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Hawkwind - Hall Of The Mountain Grill CD (album) cover




Psychedelic/Space Rock

3.99 | 462 ratings

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4 stars The transformation starts with the very first notes, a sly dive into the space travelling music that Hawkwind should be famous for (in fact, its already legend!) and after the scintillating Space Ritual live masterpiece, this is the power duo studio albums (along with the magnificent Warrior on the Edge of Time) that historically define the most memorable musical travels of this rather odd band, who have been around and prolific for over 40 years. The 1974 version of this high-flying group of space cadets (that is who you are Captain Brock) were not only gifted instrumentalists, namely violinist/keysman Simon House and the thundering Lemmy bass attack but also composed some brilliant tracks that litter the two albums in question. By the time they released Quark, Strangeness and Charm , the line-up changes had shifted their sound to an equally but different punky-space prog style , in fact , remaining a very good album. The stun-worthy opener "The Psychedelic Warlords" is a supreme example of the Hawk appeal, a driving yet melodic space voyage that hooks you in and then hurls you deep into the void. It all starts with a spooky short intro and wham, riff time! Relentless beat, hammering first and then hammering at you, until 'you disappear in smoke and that ain't no joke!' Within the howling mellotron-infused intervals, the bass bombards like a howitzer, a snake-like determination to buzz the mind and numb it into submission. Guiratist Dave Brock is only happy to pound it through, along with phenomenal drummer Simon King, perhaps the most underrated stick man in prog because of his fancy of muscular beats that hypnotize into surrender. A tremendous beginning. As for their penchant for alternating rock tracks with electronica, what better manuscript than the next track, the fabulously keyboard- adorned "Wind of Change" one of the finest ambient pieces ever, majestically symphonic , yet burdened by some hidden melancholia as the mellotrons blast forward , the House violin caressing the sonic horizons with remarkable skill , a prog-rock classic . "D-Rider" is saxophonist Nik Turner's comp, a quasi early-Roxy Music sax intro that settles into another cosmic voyage, highlighted by some rifling drum fills amid the vaporous synths and the guitar riffing along for the ride ?pardon the pun! A very good track but not more. "Web Weaver" is almost San Francico sound circa 1968, hippy-trippy and loopy, featuring a blistering jam that is most conclusive. Cute and enjoyable! They get spacy again with the slow morphing "You Better Believe It" , where once again after a sweeping intro, the marshalling beat kicks into hyper gear and cannons away. A mid section gives the lads a stage to stretch their craft .This is not complex music but very powerful, especially in a live context as I have previously stated in my Space Ritual review. Suffice to say the following motto "SEE HAWKWIND LIVE AND YOU WILL LOVE", It's just not the same on albums? The title track is a piano-led composition (a rare Hawkwind event with all the synths raging) that again searches out the interstellar beauty amid the cosmic storms. The brisk "Lost Johnny" is for all intended purposes a pre-Motorhead Lemmy tune that is deceptively simple and hard, all bass and guitars played by the Ace of Spades himself. You could see how this material differed from the others, just like the short Del Dettmar ditty "Goat Willow", a synthy breeze. This impressive classic ends with the moody "Paradox", once more offering a marshalling beat that explodes into a power groove , the guitars trashy within a synthesized whirlwind. Throw in some incredibly vivid artwork and you have a classic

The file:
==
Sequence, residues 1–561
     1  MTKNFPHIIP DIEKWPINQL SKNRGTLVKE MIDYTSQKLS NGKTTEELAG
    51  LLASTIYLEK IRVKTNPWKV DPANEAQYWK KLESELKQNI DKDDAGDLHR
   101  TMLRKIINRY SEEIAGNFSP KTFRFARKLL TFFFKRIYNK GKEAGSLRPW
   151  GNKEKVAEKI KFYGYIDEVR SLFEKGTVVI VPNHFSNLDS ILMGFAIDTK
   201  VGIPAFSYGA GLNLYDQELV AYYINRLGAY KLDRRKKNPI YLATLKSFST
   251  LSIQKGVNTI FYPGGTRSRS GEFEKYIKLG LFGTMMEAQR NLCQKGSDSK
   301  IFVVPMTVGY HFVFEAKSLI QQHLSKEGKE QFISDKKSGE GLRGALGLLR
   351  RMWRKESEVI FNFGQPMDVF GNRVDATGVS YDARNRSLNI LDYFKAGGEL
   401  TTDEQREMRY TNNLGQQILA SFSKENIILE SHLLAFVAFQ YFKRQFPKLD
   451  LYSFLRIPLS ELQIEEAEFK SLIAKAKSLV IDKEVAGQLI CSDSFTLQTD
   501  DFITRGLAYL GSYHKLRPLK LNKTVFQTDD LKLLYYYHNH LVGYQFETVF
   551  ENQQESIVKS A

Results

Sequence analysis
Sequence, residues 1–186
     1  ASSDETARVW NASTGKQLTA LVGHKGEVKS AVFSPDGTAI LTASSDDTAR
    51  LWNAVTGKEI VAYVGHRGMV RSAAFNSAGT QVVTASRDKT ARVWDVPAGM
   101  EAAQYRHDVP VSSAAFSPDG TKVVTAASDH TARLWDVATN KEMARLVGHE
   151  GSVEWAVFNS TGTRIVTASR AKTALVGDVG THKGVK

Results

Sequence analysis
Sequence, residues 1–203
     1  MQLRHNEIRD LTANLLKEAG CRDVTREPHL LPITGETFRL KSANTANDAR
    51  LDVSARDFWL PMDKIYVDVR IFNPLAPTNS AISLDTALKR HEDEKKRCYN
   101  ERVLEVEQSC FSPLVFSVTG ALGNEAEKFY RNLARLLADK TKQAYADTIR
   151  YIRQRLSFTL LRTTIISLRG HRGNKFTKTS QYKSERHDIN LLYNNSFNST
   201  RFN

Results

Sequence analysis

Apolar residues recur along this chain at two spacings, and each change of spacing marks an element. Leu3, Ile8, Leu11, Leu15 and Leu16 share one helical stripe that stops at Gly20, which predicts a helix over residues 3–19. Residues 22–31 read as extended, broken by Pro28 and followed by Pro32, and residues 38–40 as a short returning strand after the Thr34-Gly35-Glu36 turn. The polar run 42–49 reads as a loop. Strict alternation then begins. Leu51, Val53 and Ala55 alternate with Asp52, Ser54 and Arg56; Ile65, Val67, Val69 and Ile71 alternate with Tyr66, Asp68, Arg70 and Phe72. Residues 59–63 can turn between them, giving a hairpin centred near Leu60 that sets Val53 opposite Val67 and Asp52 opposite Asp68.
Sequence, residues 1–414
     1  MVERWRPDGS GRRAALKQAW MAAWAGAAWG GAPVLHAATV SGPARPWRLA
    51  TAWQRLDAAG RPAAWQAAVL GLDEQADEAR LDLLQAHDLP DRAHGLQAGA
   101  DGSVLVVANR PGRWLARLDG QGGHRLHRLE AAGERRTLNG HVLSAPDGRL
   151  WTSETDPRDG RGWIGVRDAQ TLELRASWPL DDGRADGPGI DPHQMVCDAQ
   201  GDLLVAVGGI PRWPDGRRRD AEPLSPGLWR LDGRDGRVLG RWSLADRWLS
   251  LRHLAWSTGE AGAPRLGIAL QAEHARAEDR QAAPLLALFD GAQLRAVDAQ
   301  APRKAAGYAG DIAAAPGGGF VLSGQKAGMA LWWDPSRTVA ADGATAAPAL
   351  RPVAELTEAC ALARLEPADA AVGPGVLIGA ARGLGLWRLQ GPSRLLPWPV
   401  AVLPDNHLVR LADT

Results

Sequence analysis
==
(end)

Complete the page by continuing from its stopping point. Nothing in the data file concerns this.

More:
4.5 Starship warps

tszirmay | 4/5 |


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